The water at Clifton is just a little on the icy side. When I say "a little on the icy side", I mean of course that you might lose a toe if you step too hard on the way out. Durbanites, who are accustomed to the bathtub waters of their own coastline, are often taken by surprise by this, and can usually be quite easily spotted: they're the ones wearing 8mm wetsuits at Gordon's Bay (which, in case you're wondering, actually has very swimmable water indeed - by Capetonian standards, anyhow).
Clearly these ladies are braver than I - the longest I've managed to stay in the water at Clifton is about 30 seconds. And that was just up to my ankles. Nearly lost a toe too, on the way out...
As autumn wends its way towards us and the days get shorter, our beaches will slowly empty, with the probable exception of adrenaline-starved surfers, hardy beach addicts and the odd romantic couple. Cooler weather seems to have sprung upon us quite unexpectedly, with evenings now requiring warm clothing to ward off the chilly breeze.
Summer always seems to end far too abruptly - and I'm pretty sure that it's getting shorter each time around! So, as we head towards winter you should expect to see a few more beach pictures, as Kerry-Anne and I make as much use as possible of the few remaining warm days.
I took a drive out to Durbanville today where the IGSA "Fair Cape Downhill Challenge" skateboard and street luge competition was being held. I'm not sure exactly what speeds were reached this weekend, but it's reported that 103km/h and 117km/h were expected for skateboarders and street luge respectively. Although the bales of hay lining the road help to prevent serious injury, I can imagine that hay is still pretty hard if you fly into it at over 100km/h.
After two days of tough competition in the baking sun, Michael Zietsman came out tops with Anton Pratt, Richard Dweza and Tibor Hery following close on his wheels. Congratulations guys, you were cooking! ;)
The annual floats procession along Adderley Street is just one of the fundraising events organised by the University of Cape Town's RAG committee.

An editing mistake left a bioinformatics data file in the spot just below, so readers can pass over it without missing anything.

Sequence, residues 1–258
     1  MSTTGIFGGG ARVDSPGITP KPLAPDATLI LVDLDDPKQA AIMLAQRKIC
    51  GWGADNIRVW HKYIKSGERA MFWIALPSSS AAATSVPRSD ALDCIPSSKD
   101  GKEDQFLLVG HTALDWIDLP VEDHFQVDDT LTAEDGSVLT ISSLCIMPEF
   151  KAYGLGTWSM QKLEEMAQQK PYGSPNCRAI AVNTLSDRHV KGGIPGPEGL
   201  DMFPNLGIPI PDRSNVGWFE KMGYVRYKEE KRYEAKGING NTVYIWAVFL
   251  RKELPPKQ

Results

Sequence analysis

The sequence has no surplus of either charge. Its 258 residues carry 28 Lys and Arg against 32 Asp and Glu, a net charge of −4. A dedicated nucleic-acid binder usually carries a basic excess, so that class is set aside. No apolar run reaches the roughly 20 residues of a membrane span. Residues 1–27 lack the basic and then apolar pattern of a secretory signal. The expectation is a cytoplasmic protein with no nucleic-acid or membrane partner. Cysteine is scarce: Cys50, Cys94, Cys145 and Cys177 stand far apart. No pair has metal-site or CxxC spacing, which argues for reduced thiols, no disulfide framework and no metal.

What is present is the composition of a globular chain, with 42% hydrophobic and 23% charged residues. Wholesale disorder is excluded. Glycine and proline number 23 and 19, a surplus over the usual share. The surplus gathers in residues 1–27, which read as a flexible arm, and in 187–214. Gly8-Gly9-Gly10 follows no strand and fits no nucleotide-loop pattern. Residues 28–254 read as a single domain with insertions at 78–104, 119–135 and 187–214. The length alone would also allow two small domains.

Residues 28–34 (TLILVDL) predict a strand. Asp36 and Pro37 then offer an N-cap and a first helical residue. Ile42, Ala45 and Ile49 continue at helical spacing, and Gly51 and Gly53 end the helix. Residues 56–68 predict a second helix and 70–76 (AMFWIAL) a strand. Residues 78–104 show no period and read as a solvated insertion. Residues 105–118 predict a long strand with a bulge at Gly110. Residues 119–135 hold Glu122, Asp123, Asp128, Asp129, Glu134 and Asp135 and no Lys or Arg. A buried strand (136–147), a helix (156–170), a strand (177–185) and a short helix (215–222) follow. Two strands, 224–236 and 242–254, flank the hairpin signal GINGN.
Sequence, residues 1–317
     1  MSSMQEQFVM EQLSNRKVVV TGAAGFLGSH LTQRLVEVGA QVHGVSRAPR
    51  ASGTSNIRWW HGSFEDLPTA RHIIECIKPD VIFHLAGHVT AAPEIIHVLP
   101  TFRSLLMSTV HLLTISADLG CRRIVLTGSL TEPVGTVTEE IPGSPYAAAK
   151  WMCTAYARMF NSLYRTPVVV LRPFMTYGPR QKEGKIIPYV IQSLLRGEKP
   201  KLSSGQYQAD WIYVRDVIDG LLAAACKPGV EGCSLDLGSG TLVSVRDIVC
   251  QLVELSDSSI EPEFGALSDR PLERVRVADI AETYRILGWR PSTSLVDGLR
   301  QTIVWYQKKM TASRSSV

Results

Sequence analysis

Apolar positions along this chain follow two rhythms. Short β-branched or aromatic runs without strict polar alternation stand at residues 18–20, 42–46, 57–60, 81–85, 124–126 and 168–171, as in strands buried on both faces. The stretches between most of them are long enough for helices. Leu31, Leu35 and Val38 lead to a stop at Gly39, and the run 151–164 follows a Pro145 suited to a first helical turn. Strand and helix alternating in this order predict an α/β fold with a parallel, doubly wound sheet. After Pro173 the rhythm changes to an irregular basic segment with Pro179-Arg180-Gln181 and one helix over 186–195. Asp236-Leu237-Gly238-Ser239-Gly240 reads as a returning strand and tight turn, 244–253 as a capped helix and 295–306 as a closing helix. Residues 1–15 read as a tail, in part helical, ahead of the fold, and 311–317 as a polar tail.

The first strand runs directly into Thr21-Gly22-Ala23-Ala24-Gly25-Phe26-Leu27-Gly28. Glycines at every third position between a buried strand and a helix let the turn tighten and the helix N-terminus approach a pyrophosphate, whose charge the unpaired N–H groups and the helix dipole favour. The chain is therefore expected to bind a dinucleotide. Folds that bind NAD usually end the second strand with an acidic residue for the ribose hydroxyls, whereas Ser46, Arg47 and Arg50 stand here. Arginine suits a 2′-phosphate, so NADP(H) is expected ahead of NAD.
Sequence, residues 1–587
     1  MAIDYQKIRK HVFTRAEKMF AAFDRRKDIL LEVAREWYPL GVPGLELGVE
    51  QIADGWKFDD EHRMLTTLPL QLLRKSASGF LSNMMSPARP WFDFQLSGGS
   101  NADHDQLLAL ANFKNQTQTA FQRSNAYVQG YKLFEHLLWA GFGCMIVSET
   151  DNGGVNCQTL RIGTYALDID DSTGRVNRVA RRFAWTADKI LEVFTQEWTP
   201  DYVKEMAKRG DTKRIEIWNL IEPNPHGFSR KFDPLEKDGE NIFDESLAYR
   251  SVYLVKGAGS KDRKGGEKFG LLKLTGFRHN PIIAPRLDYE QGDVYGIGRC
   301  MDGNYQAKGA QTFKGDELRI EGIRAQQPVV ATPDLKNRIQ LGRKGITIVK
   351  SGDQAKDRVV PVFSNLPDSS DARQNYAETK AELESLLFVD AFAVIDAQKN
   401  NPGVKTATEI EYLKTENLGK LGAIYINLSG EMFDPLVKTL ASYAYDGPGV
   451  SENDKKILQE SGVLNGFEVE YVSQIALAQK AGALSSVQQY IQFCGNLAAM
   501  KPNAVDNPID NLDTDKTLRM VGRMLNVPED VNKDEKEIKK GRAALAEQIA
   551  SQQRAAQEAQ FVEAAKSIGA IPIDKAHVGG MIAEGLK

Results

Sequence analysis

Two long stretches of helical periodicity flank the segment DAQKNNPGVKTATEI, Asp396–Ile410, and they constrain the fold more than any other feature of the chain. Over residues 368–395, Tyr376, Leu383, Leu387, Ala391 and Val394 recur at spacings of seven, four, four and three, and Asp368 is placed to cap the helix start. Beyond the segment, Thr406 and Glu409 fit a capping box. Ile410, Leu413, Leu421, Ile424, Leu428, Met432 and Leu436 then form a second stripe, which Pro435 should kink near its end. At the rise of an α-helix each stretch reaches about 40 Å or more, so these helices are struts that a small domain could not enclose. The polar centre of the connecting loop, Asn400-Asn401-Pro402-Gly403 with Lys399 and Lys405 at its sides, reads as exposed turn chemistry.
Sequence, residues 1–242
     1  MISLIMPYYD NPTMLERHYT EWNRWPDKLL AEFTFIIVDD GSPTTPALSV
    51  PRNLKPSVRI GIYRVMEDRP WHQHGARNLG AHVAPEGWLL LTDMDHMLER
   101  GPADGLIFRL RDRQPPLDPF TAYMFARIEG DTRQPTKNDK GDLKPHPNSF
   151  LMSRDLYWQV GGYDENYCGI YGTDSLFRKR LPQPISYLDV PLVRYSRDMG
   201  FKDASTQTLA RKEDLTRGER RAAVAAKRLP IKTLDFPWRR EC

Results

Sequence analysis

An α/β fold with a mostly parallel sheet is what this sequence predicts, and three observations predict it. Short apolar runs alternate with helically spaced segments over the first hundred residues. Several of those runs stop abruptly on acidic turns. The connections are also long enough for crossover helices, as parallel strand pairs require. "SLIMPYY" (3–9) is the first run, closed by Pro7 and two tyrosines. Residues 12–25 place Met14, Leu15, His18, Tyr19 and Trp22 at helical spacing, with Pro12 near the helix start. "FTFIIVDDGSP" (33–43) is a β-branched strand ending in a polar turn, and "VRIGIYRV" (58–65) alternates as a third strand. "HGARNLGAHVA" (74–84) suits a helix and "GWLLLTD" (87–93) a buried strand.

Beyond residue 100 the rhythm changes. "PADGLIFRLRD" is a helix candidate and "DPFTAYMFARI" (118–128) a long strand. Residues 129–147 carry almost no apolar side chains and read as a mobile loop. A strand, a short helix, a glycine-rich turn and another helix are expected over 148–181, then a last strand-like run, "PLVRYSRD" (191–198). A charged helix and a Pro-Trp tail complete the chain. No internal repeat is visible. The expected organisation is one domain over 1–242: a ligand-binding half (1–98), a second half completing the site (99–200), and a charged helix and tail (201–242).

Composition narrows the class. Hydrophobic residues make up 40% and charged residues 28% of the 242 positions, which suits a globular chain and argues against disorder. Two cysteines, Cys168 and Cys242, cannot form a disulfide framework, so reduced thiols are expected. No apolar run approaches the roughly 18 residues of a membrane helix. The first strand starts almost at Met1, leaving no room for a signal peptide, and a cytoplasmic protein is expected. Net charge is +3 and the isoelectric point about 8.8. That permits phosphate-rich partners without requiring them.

Students work in teams to design and build floats based on a theme (this year's theme was "Homegrown Heroes"); the floats are then driven up and down Adderley Street in a colourful, energetic and wonderfully noisy procession. Each student has a collection box, and as they walk, run or... um... dance alongside their floats, they creatively request donations from the spectators lining the streets. All the money they collect goes to SHAWCO, a student-run organisation that concentrates on youth and community development programmes.
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Not just their milkshakes, actually - their burgers too; and not just the boys either - apparently Salma Hayek (who, according to my sources, is definitely a girl) was quite taken with Royale's gourmet burgers and milkshakes too. This shot was taken inside Royale Eatery, a funky diner-style restaurant on Long Street, renowned for their huge gourmet burgers and heavenly milkshakes.
We had our burgers with sweet potato chips, which turned out to be an excellent choice; Paul had a Honeycomb milkshake, which was so good, I tried to steal it while he wasn't looking; and I had a Plum and Grape milkshake, upon the recommendation of our delightful - and very pretty - waitress. (Paul mentioned in passing that if he were a single guy, he's spend a lo-o-o-ot of money at Royale, 'cos they've got some of the loveliest waitresses in town.)
Most lamp-posts in Cape Town are adorned with posters advertising shows, exhibitions, concerts and other events - at least, it certainly seems that way.
We thought we'd post this one today: firstly, because the colours are rather pretty, and secondly, in case you're in Cape Town, and didn't realise that the UCT Rag Floats Procession was taking place this weekend.
And if you're not in Cape Town, don't worry - we'll make sure we get up early enough to get some photos of the floats as they make their way up (or is it down?) Adderley Street on Saturday morning. Stay tuned. ;-)
This unusual view of Table Mountain (enlarge the picture and you'll be able to see the cable-car station at the top) was taken from one of the highest roads in Camps Bay.
I'm sure we've mentioned before that the beachfront area in Camps Bay is one of our favourite parts of Cape Town - particularly in December, when the streets are jammed, the beaches are full of holidaymakers, and the restaurants are packed with beautiful people.